After Secularization (special double issue)   /   Spring/Summer 2006   /    Reviews

David Martin’s

<em>On Secularization</em>

Emily Raudenbush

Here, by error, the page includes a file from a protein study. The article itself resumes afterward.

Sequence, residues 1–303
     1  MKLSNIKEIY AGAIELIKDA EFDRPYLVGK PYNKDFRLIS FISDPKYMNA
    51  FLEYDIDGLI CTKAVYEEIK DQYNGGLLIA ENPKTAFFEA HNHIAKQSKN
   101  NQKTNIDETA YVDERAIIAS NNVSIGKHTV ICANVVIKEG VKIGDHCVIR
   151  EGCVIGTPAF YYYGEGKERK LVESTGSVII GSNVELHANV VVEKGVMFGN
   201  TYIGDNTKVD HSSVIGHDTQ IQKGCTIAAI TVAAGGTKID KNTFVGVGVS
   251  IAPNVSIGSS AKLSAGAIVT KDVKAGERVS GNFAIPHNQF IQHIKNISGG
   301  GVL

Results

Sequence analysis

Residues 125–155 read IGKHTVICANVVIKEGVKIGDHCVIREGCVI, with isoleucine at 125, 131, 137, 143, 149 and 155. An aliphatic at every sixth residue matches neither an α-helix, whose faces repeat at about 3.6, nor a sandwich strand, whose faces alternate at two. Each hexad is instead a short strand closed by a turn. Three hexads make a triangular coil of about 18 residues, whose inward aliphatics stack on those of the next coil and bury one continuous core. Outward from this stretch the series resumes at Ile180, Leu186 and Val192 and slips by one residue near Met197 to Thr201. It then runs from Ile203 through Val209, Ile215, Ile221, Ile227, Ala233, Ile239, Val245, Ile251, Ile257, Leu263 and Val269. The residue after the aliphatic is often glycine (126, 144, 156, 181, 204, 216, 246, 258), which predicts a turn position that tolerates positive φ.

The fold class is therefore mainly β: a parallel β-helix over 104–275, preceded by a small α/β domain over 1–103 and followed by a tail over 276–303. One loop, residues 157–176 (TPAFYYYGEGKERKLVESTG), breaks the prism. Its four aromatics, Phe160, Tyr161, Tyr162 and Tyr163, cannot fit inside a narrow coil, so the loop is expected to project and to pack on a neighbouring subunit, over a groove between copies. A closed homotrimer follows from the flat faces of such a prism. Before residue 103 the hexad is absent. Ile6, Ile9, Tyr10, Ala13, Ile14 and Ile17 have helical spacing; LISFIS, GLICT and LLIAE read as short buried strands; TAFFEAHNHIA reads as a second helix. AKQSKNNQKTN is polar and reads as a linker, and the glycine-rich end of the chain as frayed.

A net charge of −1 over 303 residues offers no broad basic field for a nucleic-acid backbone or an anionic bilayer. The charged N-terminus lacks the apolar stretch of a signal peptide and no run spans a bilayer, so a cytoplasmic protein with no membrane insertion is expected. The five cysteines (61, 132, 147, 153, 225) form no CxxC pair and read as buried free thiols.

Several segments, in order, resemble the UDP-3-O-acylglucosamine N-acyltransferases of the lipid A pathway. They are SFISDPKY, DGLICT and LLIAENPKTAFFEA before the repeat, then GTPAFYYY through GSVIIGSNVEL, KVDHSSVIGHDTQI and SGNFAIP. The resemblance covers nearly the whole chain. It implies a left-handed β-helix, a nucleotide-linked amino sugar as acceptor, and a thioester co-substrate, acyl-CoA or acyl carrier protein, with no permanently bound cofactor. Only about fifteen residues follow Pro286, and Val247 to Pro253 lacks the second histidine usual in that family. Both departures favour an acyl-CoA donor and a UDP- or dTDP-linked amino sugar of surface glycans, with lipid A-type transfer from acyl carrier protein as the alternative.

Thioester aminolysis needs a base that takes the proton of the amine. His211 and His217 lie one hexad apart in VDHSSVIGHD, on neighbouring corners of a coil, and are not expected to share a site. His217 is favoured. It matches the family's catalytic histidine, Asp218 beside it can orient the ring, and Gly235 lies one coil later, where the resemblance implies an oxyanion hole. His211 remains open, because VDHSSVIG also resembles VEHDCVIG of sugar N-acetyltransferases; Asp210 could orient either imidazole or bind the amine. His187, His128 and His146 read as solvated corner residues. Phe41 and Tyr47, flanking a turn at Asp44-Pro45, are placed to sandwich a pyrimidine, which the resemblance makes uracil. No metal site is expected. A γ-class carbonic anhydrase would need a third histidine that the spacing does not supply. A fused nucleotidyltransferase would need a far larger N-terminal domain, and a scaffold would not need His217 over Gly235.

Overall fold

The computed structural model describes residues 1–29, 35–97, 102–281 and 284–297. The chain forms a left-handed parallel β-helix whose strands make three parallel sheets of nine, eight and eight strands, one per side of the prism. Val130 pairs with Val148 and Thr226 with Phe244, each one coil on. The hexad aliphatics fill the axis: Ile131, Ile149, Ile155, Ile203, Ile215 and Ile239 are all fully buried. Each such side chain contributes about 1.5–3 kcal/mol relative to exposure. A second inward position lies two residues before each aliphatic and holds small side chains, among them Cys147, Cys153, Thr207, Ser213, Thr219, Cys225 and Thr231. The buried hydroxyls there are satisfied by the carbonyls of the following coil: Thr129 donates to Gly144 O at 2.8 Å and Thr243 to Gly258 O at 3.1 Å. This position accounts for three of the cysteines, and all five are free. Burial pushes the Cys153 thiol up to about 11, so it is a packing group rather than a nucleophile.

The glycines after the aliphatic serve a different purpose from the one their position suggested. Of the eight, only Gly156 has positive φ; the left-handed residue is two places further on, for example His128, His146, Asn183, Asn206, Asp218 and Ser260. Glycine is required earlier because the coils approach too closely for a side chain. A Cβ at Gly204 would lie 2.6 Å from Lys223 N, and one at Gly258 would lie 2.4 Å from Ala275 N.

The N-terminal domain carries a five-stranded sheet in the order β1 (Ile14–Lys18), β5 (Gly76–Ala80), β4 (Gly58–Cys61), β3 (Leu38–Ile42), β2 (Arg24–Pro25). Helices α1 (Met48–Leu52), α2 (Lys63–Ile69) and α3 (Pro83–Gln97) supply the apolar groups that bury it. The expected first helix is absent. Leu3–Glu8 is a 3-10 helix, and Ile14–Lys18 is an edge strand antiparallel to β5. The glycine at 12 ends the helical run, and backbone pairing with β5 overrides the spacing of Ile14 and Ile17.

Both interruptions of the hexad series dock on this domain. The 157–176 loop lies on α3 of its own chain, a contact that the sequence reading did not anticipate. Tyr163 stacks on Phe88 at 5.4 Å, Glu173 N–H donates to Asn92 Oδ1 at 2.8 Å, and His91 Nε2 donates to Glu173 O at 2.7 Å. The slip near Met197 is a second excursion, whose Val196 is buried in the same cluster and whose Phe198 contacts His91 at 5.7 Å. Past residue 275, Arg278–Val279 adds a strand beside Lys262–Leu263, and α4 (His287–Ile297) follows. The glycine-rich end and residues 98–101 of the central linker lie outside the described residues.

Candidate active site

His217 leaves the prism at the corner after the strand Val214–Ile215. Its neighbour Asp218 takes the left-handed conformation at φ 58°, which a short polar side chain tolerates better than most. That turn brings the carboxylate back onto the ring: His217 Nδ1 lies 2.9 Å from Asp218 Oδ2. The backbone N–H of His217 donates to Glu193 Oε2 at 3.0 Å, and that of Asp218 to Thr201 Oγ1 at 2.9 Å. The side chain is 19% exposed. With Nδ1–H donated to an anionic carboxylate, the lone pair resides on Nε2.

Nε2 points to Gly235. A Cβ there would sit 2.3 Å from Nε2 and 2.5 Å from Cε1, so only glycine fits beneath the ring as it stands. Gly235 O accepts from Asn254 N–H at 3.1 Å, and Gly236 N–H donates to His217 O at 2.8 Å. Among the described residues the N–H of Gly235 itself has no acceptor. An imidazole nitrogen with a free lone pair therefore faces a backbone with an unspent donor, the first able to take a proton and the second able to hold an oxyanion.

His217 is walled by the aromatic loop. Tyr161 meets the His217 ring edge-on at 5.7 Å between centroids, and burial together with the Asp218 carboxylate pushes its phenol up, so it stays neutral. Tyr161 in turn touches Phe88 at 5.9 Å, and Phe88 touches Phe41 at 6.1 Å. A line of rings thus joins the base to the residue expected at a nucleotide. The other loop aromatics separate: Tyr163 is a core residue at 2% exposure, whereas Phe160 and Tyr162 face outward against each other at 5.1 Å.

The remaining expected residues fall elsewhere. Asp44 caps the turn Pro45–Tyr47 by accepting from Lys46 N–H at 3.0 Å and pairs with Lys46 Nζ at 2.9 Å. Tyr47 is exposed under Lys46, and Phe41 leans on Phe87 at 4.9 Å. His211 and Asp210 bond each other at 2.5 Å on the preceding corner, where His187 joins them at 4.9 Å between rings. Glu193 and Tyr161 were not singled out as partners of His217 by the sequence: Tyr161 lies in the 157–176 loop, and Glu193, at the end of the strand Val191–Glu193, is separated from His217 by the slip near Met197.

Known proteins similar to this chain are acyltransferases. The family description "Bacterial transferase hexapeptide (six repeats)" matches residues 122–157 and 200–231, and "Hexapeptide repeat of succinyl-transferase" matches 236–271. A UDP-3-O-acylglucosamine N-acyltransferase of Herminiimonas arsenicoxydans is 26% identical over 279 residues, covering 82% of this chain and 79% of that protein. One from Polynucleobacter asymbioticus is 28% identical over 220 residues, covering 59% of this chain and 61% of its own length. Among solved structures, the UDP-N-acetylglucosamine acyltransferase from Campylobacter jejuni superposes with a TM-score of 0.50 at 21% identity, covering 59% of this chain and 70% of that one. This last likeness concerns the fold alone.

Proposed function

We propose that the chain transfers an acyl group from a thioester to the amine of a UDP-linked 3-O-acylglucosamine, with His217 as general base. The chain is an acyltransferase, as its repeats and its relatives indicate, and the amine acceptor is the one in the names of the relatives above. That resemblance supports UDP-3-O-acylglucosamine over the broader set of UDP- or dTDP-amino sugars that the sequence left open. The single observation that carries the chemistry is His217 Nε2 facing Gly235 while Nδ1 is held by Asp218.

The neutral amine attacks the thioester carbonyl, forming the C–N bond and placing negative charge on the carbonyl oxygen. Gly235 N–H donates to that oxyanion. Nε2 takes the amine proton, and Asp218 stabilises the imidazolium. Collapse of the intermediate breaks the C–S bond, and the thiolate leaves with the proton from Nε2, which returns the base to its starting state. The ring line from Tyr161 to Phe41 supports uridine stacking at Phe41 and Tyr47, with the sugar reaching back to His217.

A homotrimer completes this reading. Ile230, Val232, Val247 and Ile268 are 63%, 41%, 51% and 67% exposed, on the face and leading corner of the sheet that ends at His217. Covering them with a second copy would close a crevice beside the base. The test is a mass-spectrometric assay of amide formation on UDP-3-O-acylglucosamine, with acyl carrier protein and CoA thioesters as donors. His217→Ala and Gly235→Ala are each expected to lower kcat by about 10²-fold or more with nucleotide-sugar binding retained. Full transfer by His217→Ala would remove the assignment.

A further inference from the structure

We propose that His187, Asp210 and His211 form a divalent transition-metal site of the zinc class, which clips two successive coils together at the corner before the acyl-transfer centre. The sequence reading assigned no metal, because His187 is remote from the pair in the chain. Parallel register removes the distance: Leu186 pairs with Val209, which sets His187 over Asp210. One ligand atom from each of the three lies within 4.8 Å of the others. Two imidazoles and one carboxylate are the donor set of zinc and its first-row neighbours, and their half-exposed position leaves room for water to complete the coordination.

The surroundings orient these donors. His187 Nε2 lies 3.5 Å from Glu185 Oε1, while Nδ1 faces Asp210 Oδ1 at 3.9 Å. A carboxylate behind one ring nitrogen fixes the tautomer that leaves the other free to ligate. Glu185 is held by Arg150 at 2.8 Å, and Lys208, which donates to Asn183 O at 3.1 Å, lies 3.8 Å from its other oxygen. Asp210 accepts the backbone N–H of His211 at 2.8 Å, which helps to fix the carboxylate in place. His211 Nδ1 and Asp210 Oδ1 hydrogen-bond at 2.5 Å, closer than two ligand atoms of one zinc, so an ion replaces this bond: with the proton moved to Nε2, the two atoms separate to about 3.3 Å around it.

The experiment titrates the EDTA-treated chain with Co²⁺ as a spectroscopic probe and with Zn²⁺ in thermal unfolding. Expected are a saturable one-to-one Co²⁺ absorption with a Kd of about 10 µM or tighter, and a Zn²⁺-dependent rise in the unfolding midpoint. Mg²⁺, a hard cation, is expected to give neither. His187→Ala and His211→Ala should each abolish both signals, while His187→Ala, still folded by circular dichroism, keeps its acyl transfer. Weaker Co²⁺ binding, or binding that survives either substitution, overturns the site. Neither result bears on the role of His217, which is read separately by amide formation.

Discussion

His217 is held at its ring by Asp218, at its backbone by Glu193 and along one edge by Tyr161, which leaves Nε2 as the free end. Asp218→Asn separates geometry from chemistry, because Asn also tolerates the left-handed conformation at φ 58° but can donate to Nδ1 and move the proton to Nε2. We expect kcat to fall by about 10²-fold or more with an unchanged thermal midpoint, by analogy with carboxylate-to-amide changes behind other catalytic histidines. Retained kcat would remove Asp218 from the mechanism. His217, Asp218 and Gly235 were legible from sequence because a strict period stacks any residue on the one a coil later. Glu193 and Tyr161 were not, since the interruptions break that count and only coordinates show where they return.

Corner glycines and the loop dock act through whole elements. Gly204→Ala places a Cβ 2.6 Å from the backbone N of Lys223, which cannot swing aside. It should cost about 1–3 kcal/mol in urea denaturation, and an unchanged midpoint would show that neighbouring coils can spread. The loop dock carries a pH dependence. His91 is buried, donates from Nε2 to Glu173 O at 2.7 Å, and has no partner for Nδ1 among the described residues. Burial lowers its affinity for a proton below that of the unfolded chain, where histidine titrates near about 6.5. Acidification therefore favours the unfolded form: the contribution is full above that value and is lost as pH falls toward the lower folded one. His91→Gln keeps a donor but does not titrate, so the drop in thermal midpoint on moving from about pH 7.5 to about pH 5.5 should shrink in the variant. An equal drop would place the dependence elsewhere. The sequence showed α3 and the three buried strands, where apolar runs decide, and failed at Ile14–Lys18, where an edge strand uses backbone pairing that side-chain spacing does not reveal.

David Martin has been one of the leading scholars of secularization theory since the 1960s. In his magnum opus, A General Theory of Secularization (1978), Martin laid out a careful historical sociology of secularization that maintained the limited and highly particularized nature of this cultural process. Even then he doubted that secularization would be inevitable or that secularism would become universal. For him, one of the key factors for understanding how religion fares in the modern world was “social differentiation,” or the increasing autonomy of social spheres. Social differentiation refers to the tendency in modern society for social spheres to be less and less integrated. For example, the separation of church and state is a fundamental manifestation of social differentiation in the modern world. This dynamic has played out differently in different societies, which is why one finds so much variation not only in the West, but also beyond to the rest of the world. To return to the example, the establishment of the Church of England in that country has no comparison in the United States; in Chile, a different balance altogether has been struck.

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